20 August 2010
Three cheers for the Contemporary Music Centre’s innovative new Music Trail, which will be launched in a few days’ time, and run from 21 August-1 September!
The Outdoor Music Trail features works by different Irish composers playing in five outdoor locations; an inner trail with three locations playing music outdoors daily from 1pm to 4pm and an extended trail incorporating the first three locations, plus two additional locations which can be followed and listened to with a smartphone. The extended trail employs the very latest in location-based, augmented reality technology and is available by downloading the free Layar app for iPhone 3GS, iPhone 4 and Android devices.
Sounds intriguing, especially the ability to stream the music at any point during the Trail’s run… will have to go check out the ‘live’ versions between 1-4 as well.
The Music Trail is also the first event to be launched under the leadership of the CMC’s new director Evonne Ferguson, who no doubt will continue the CMC’s tradition of fine programming and commitment to contemporary music.
20 August 2010
September 17th is the day to take part in the National Campaign For the Arts’ Day of Action– meetings will be taking place all over the country with local representatives and arts workers, to advocate for the ongoing support of the arts. As part of the effort, the NCFA has also produced a promotional video:
Here’s also a link to a recent interview on Morning Ireland. Lots more info is available on the NCFA site, but here’s a recap of the Campaign’s main objectives:
There is now a broad consensus that the arts will play a dynamic part in Ireland’s economic and social recovery. To maintain their role as a significant driver of employment, cultural tourism, the creative industries, our collective wellbeing and international reputation, NCFA asks that the next budget will:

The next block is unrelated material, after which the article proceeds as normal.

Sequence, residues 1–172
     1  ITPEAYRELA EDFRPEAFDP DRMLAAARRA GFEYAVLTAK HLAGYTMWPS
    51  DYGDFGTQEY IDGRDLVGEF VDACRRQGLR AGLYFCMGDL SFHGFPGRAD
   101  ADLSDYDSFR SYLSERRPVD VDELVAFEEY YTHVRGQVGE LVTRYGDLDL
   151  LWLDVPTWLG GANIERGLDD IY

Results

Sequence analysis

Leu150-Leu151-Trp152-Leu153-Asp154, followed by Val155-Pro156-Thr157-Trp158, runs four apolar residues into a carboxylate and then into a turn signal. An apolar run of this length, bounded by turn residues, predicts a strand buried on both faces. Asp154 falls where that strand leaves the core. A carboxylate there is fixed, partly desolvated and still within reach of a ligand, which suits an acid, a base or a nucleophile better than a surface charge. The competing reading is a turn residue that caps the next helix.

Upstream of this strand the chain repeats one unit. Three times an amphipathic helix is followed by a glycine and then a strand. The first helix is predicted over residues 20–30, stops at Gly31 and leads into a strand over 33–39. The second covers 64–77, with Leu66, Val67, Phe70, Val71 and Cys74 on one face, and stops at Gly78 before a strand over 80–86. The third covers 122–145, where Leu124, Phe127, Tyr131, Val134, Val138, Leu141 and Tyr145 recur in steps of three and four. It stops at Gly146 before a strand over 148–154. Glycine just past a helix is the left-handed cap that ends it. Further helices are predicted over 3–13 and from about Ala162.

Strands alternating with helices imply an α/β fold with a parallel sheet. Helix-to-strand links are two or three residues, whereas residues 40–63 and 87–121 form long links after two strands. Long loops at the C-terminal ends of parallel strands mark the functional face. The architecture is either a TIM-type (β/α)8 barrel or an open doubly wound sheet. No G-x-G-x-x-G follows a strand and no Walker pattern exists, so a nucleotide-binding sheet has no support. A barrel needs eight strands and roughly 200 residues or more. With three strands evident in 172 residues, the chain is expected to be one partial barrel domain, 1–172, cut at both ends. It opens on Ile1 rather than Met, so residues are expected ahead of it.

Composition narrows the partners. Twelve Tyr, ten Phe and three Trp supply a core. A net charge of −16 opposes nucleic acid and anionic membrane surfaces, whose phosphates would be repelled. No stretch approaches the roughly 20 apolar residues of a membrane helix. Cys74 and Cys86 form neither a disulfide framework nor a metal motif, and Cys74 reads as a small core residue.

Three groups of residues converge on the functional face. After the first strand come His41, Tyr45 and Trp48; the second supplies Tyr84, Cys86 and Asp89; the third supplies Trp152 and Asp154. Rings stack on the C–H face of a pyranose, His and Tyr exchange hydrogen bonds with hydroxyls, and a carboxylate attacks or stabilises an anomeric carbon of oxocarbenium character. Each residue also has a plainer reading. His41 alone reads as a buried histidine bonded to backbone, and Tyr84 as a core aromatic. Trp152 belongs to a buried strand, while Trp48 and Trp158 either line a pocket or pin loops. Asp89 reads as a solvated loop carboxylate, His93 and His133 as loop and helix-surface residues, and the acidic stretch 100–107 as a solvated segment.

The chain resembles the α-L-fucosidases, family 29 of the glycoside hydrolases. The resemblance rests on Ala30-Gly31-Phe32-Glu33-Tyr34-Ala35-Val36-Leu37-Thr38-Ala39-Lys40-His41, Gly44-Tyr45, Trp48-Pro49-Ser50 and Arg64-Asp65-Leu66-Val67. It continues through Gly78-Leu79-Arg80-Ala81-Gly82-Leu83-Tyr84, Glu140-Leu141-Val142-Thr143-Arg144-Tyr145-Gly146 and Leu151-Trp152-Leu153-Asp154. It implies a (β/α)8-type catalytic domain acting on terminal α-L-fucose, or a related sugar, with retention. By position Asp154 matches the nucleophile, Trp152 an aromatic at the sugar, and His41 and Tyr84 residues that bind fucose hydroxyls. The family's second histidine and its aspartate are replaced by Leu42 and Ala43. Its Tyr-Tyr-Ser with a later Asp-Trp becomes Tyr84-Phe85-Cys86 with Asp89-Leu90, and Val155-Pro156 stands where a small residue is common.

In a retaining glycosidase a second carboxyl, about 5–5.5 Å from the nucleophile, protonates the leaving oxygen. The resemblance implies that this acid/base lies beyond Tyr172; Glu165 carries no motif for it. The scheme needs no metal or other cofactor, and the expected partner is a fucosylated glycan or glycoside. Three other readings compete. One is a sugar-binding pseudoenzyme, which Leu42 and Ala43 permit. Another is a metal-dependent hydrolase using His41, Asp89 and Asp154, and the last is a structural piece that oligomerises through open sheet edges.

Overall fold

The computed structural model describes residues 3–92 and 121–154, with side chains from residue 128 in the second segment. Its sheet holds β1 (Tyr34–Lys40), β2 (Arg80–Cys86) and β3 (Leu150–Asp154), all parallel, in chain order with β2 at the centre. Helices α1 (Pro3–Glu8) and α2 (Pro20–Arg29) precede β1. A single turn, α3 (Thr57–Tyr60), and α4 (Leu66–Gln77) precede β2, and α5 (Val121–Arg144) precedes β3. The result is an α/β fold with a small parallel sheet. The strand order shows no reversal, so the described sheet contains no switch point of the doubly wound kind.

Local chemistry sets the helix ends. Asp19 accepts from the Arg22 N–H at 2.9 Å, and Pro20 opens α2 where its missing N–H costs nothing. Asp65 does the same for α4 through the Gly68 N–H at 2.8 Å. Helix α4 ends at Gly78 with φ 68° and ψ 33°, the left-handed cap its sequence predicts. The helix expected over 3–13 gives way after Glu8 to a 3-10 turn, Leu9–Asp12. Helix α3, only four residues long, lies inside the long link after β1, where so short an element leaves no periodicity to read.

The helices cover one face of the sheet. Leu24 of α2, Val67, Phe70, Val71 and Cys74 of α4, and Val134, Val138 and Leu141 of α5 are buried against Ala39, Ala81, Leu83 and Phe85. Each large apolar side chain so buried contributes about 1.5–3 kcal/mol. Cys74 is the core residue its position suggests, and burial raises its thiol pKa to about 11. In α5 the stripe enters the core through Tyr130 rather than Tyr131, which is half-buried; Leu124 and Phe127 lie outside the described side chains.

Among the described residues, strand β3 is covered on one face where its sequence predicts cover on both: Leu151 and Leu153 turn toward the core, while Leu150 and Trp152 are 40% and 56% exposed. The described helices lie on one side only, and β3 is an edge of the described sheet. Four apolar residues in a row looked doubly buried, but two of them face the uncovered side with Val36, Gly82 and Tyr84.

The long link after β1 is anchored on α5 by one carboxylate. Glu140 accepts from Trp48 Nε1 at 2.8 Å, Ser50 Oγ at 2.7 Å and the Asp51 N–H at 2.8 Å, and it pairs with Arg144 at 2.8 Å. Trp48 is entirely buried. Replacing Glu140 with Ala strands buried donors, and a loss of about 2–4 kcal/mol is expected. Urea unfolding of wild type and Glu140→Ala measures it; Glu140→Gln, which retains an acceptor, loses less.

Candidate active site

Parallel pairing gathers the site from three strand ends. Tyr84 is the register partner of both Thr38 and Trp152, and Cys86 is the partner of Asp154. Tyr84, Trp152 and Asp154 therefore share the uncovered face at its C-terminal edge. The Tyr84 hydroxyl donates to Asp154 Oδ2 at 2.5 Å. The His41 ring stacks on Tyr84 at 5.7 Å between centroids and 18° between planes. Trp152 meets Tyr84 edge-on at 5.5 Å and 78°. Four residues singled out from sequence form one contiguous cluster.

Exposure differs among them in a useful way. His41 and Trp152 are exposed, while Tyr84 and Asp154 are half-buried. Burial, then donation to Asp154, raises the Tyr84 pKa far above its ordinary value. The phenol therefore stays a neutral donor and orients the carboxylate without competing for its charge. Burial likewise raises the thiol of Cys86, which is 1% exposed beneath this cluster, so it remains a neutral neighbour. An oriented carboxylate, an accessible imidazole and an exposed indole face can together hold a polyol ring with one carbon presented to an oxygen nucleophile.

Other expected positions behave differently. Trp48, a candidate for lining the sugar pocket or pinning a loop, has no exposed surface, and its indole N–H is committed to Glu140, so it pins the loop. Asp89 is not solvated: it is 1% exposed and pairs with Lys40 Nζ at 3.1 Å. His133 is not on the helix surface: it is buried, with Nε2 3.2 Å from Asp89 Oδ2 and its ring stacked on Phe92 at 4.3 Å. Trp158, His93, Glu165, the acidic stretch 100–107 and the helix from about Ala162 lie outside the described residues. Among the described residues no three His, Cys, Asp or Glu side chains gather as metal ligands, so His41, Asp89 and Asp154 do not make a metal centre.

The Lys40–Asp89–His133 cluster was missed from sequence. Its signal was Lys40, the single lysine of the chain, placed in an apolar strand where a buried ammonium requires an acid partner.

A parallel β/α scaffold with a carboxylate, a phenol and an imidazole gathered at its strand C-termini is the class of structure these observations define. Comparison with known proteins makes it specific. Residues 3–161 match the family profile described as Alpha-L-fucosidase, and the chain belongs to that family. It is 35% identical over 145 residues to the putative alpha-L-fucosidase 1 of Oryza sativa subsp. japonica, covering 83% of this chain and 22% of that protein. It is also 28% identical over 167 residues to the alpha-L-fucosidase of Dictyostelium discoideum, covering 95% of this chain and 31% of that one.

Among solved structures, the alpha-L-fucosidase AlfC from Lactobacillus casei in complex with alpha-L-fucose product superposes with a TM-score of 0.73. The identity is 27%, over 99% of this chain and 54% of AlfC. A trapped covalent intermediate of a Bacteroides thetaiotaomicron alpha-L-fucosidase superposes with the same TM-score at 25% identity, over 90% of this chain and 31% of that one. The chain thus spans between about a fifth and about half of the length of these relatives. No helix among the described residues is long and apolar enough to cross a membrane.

(1) Maintain current levels of funding to the statutory agencies for the arts, including Irish Film Board, Culture Ireland and in particular The Arts Council, whose investment in the development of Irish artists generates the cultural assets that are central to our future.
(2) Make significant new funding available to the arts and culture sector to build on its cultural tourism potential, through the creation of a dedicated cultural tourism fund.
(3) Protect local authority arts funding and its essential role in the cultural diversity, social cohesion, economic impact, participation and identity of communities and regions.
5 August 2010
I read with great interest a recent report from the UK-based Institute for Public Policy Research (IPPR) on the subject of internships, employment law and ethics, entitled ‘Why Interns Need a Fair Wage‘. The report challenges the system of unpaid internships across the private and public sectors (including politics, business, law, media, fashion, the arts and non-profits), arguing that this structure:
- often violates UK employment law by denying interns minimum wage compensation to which they are legally entitled
- perpetuates inequalities in many professions by effectively denying entry to individuals without financial means to support themselves during long internship periods (3 mos-year, typically)
- further excludes people without family backgrounds in certain professions, owing to their lack of networks/contacts necessary to secure unadvertised but valuable internship places
- creates an ethical quandry for organisations who declare themselves to be pro-diversity and pro-access, whilst maintaining internship programmes that are exclusionary in nature
Read the rest of this entry »
3 August 2010
Greetings, dear readers, and welcome to new ones…
Many thanks for those who sent kind emails during my maternity leave; my first long break from university in 15 years (!) was enjoyed by all (well, I squeezed in a visiting professorship at New York University this summer– old habits die hard– but Baby Myles was able to begin his cultural education in serious style):
Summerstage in Central Park
I’m back full-time now and will resume posting blog entries, selected press releases and the ever-popular arts management jobs list. Please feel free to email me with any events/openings with your organisation, and I’ll do my best to spread the word…
It’s been turbulent times over the last year for the arts in Ireland, between Minister changes, budget woes and cutbacks across the board. As we look ahead to welcoming next year’s class of MA students in Arts Management & Cultural Policy, I’ll be posting regularly on changes to the arts policy and funding climate and what-all else transpires in the meantime…